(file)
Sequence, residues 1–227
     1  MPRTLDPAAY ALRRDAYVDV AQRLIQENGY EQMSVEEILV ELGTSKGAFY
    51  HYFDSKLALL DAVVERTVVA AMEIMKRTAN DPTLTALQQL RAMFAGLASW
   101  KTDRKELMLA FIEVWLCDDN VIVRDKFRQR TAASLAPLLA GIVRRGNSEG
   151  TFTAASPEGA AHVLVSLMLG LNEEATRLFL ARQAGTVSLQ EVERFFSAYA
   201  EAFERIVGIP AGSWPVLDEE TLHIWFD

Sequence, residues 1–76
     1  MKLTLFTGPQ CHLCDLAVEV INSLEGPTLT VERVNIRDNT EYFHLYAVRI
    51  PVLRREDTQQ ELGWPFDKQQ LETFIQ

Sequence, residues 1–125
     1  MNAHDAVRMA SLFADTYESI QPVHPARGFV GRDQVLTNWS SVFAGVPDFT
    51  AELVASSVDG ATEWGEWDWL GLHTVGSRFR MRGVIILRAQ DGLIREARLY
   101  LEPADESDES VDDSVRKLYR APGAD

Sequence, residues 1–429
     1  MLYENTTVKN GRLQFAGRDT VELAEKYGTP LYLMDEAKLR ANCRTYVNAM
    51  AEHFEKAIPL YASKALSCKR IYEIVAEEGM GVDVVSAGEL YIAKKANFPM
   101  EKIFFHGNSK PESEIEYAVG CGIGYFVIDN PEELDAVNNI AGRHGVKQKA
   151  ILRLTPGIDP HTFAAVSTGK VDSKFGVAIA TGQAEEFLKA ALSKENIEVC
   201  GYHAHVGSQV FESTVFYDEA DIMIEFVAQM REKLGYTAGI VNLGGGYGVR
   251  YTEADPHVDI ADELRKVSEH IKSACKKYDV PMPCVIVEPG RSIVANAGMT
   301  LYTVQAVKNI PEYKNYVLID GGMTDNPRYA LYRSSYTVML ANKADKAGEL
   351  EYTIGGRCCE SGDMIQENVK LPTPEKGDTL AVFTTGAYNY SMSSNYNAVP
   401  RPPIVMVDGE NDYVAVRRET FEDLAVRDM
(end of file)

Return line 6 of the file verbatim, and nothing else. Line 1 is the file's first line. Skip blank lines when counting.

   201  EAFERIVGIP AGSWPVLDEE TLHIWFD